Treating Common Ailments

Many common ailments, aches and pains can be treated simply at home without the need to consult a doctor.  Please read the advice below:

Back Pain

Back pain affects thousands of people, but in most cases is not serious and medical treatment is not always necessary.
Most Back Pain is due to: 
 - Stiffness or spasm of the muscles
Causes of back pain are
 - Poor posture
 - Being overweight
 - Pregnancy
 - Incorrect lifting techniques
Back Problems can be prevented by:
 - Keeping active
 - Keeping to a healthy weight
 - Sleeping on a firm mattress
 - Lifting heavy weights correctly - imagine how an ape stands: arms dropped, legs bent, shoulders over knees, back straight not vertical.  Lift through your centre of gravity - position with weight between feet, squat and lift by straightening knees not bending back.
Treatment At Home:
 - Massage the painful area; apply heat
 - Take painkillers
 - Keeping moving

Bed Sores

Bed sores are far easier to prevent than cure. They are caused by prolonged pressure to certain parts of the body when lying in bed for long periods. They can be prevented by encouraging the patient to shift position as often as possible. Take care to smooth out creases in the bottom sheet to avoid irritation. If red marks appear at the pressure points such as heels, elbows, buttocks and hips, inform the doctor before they get worse.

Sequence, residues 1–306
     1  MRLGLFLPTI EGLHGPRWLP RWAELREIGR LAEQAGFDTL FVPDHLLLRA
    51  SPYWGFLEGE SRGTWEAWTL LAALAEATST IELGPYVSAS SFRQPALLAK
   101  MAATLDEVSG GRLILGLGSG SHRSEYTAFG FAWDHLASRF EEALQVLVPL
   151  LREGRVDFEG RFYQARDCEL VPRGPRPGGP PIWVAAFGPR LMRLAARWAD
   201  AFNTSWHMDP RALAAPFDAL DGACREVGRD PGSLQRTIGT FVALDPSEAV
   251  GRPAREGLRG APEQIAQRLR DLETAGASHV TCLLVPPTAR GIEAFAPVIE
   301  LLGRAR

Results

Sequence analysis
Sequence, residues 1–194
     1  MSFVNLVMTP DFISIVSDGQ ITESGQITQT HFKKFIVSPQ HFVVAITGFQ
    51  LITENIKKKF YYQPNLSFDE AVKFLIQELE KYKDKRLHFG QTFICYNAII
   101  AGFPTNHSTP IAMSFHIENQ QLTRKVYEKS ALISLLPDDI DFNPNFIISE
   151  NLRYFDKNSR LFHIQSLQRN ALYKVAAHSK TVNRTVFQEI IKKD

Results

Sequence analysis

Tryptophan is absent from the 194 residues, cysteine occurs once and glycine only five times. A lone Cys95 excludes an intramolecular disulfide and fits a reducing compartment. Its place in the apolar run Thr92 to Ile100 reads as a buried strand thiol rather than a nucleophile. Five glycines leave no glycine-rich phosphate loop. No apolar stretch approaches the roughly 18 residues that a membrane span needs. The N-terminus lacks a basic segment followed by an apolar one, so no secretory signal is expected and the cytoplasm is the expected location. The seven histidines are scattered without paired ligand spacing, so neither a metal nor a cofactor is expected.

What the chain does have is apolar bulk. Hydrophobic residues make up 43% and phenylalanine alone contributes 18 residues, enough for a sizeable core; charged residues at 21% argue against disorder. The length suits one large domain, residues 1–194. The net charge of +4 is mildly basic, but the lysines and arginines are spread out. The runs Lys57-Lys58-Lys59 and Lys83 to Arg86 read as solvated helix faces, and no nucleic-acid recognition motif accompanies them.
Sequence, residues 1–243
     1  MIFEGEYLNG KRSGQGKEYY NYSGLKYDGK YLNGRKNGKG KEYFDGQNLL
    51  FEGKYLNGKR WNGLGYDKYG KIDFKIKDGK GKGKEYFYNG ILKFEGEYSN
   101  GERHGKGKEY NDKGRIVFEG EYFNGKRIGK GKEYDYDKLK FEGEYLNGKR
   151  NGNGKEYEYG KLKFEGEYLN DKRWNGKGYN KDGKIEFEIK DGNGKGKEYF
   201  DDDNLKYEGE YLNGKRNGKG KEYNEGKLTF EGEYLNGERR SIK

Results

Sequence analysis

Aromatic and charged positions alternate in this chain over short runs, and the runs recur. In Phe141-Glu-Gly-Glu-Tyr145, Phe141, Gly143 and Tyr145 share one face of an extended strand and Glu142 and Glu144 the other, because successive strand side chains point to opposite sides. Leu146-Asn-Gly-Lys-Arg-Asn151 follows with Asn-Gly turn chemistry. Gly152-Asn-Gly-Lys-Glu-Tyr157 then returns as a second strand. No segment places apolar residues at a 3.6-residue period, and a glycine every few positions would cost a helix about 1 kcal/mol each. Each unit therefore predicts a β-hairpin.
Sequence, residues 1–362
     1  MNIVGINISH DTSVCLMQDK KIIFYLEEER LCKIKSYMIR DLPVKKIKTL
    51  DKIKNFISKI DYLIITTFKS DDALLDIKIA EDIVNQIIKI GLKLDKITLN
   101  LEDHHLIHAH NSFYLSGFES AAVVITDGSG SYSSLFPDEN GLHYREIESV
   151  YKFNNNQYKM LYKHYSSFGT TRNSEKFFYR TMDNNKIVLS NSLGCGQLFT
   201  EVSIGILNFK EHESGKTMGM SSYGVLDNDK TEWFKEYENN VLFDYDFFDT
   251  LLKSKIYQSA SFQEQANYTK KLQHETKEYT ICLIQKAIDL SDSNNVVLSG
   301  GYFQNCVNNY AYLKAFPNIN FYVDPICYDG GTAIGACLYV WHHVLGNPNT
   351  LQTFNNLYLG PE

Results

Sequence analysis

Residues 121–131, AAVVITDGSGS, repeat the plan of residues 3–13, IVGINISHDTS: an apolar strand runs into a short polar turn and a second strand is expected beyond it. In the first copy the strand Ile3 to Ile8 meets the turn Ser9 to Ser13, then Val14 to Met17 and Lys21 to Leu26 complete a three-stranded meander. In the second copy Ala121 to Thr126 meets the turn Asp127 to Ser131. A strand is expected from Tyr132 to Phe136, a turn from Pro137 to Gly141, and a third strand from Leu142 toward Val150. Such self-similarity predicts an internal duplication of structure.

Bugs and Colds

There are a lot of bugs going around at this time of year, knowing what is out there and knowing how to deal with it can give you the confidence to manage it without the need for a consultation. This information will also tell you what important things to look out for so that you know when you should get in touch with the surgery.
Is it a cold or a chest infection?
If you have a sore throat, runny nose and cough with a temperature you have a cold. You do not need a doctor. 
The symptoms
Sore throat, cough, runny nose and temperature are the common symptoms of a cold. Usually, it starts with a sore throat and temperature. The temperature can be anything above 37 and up to 39 degrees.
Occasionally, the temperature can be higher but if it settles with paracetamol for a few hours then it is unlikely to be serious. The sore throat will last for 2-4 days and the runny nose and cough usually start during this time. Generally, people feel pretty rubbish for the first few days with a cold. Having a headache and feeling bunged up in the head are also common.
The cough may sound chesty at the start because of phlegm in the windpipe. Some people start with a dry cough and then it gets more rattly in the second week. It is quite common for the cough to last for three weeks. This is more often the case if there are smokers in the home. It is normal for a cough to be worse at night.
The treatment
To treat a cold you mainly need to give it time. Your body is very good at getting rid of viruses and antibiotics do not work on viruses. Taking paracetamol or ibuprofen, if you are ok with it, will help to ease aches and pains. You do not need to take them to “get the temperature down”.